When are disclosures and documents due using a CAR contract?

Services for Real Estate Pros with Escrowcoord.com

Hi All!

Received an email from a student named Debbie about time frames for disclosures and documents. Here's my response. I hope it helps! :-)


Debbie: We (company) are using Docusign which is a great time saver but I’m still confused as to how to determine time frames for all the various disclosures to be completed.  Any help or suggestions I can get is appreciated.  


Diana: If you take a look at the CAR contract, the seller usually has 7 days  from acceptance to deliver all required disclosures and reports to the buyer. (See page 5 14A) .

I like to see the disclosures and reports delivered to the buyer at MINIMUM 5 days prior to the buyer’s inspection contingency removal is due (See page 5 item 14B(3)). There is a clause allowing the buyer 5 days from delivery of the disclosure or document to review prior to removing the inspection contingency 

The Inspection/Loan/Appraisal/Deposit and Increased Deposits usually have a specified date for when they are due on the contract.

Hope this Helps! 

Comments (2)

Michael Jacobs
Pasadena, CA
Los Angeles Pasadena 818.516.4393

Diana --- if at all possible, I like to have all disclosures, preliminary title report, natural hazards disclosure statement, city and other inspections available for the buyer to see prior to making their offer.   I have been on the other side with buyers and waiting for disclosures and reports that arrive haphazardly --- let show the public we are professionals.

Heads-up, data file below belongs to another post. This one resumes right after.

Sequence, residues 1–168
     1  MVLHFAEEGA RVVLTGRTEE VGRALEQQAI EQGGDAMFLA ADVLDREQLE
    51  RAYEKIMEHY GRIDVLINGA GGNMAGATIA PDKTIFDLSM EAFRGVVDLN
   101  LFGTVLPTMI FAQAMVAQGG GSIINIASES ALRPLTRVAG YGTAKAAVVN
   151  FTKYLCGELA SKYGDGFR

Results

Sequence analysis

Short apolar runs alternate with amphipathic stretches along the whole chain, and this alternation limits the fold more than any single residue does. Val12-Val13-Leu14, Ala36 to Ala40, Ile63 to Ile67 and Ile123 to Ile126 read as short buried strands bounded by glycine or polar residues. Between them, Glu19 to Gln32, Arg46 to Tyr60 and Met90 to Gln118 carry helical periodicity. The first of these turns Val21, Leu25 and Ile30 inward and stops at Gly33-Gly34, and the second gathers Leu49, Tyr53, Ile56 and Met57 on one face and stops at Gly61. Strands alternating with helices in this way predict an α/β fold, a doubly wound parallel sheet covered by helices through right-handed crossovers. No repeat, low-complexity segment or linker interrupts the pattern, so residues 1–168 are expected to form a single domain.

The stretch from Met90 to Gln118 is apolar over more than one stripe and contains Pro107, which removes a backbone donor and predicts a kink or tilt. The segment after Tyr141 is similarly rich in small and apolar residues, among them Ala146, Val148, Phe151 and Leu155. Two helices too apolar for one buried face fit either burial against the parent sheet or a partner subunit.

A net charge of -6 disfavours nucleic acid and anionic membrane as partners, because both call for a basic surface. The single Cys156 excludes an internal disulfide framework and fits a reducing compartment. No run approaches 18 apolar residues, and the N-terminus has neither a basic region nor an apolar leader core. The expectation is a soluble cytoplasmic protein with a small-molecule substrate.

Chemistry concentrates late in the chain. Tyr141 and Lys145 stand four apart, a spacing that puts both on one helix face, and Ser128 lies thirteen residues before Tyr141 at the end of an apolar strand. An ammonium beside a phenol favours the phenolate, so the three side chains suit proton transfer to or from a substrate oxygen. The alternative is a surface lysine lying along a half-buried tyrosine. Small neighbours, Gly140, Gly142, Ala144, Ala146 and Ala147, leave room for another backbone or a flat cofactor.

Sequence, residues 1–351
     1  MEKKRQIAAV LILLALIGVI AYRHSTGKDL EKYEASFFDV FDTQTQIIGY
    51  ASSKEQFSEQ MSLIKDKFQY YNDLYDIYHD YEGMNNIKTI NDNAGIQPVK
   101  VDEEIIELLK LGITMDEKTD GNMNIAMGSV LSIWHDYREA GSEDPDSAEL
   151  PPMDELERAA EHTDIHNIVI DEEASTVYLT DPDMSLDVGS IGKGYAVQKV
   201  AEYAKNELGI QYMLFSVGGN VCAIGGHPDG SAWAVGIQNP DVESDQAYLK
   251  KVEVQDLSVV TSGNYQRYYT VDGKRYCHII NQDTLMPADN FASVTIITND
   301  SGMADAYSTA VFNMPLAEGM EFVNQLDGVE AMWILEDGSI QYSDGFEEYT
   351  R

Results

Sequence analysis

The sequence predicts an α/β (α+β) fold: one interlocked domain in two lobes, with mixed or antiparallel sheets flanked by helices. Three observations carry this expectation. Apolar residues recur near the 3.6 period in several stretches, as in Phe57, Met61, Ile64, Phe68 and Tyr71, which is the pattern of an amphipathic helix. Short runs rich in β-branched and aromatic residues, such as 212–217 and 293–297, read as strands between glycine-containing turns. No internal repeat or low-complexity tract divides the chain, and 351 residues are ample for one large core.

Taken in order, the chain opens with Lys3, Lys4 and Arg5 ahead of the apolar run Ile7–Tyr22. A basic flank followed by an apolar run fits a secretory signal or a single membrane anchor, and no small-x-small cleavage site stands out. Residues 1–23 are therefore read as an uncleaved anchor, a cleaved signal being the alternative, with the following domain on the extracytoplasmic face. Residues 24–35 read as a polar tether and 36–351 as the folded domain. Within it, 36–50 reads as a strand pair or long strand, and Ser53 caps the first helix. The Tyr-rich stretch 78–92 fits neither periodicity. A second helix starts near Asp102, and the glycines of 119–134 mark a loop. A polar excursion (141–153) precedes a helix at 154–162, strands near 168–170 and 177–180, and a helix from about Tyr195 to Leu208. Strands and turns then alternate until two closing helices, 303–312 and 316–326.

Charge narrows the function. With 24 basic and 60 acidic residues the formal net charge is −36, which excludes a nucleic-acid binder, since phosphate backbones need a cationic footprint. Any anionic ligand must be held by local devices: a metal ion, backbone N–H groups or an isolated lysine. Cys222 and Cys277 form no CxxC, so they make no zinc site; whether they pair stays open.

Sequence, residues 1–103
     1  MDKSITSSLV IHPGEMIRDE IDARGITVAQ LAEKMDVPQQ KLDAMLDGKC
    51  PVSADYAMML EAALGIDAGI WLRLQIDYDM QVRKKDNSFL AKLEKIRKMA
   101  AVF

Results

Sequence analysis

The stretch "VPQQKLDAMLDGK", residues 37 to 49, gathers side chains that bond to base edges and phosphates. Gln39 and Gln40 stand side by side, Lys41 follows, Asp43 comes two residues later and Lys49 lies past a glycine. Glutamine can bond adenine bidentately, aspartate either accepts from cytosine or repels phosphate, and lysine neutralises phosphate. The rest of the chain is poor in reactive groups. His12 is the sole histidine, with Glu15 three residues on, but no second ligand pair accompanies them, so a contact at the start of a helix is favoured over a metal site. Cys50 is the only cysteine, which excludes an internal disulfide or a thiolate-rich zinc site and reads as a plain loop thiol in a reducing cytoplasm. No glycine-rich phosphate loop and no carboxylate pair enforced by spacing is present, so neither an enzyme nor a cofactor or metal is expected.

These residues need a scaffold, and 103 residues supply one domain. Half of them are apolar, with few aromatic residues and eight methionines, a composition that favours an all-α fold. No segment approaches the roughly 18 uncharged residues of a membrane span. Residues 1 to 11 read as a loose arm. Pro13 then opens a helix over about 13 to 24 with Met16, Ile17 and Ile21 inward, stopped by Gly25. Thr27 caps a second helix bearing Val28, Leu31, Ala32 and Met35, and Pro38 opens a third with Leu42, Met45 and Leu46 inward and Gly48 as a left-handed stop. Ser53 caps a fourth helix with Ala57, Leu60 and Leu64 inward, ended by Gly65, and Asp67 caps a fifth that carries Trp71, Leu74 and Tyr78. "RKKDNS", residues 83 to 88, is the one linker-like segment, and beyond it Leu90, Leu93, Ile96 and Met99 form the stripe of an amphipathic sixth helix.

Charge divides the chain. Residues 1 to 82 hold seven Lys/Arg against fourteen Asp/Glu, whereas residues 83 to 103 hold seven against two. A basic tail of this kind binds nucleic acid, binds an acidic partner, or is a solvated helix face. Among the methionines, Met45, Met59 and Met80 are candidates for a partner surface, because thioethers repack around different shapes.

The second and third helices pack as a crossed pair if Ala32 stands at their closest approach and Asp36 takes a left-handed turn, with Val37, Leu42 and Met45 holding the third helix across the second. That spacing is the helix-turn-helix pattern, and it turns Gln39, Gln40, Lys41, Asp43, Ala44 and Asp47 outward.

Aug 14, 2011 12:43 PM
Diana Turnbloom
Escrowcoord.com - Martinez, CA
The Leading Expert in TC Services & Education

I absolutely agree, if you can pull together disclosures and reports for the buyer to review prior to writing, it certainly can provide a better history about the property.

As far as the seller's obligation to deliver reports and disclosures per the contract, some title companies won't provide a title report prior to an accepted offer.

Also, we may not know who the title company is going to be prior to an offer if the buyer gets to choose.

If this is the case, the buyer will need to approve the report from that particular company specified on the contract prior to removing the inspection contingency.

Many sellers doesn't want order an NHD report unless there is an accepted offer to avoid having to pay the fee out of pocket. If the agent pays for it -no problem! 

We also sometimes run into the problem of outdated reports and disclosures if the property has been on the market for a long time. 6 months is the maximum I will accept on any dated document.

Beware of pulling city permits/inspections yourself. Better the buyer performs these investigations themselves so you're not liable for potentially missing information. 

Thanks for your comment! :-)


Aug 14, 2011 01:05 PM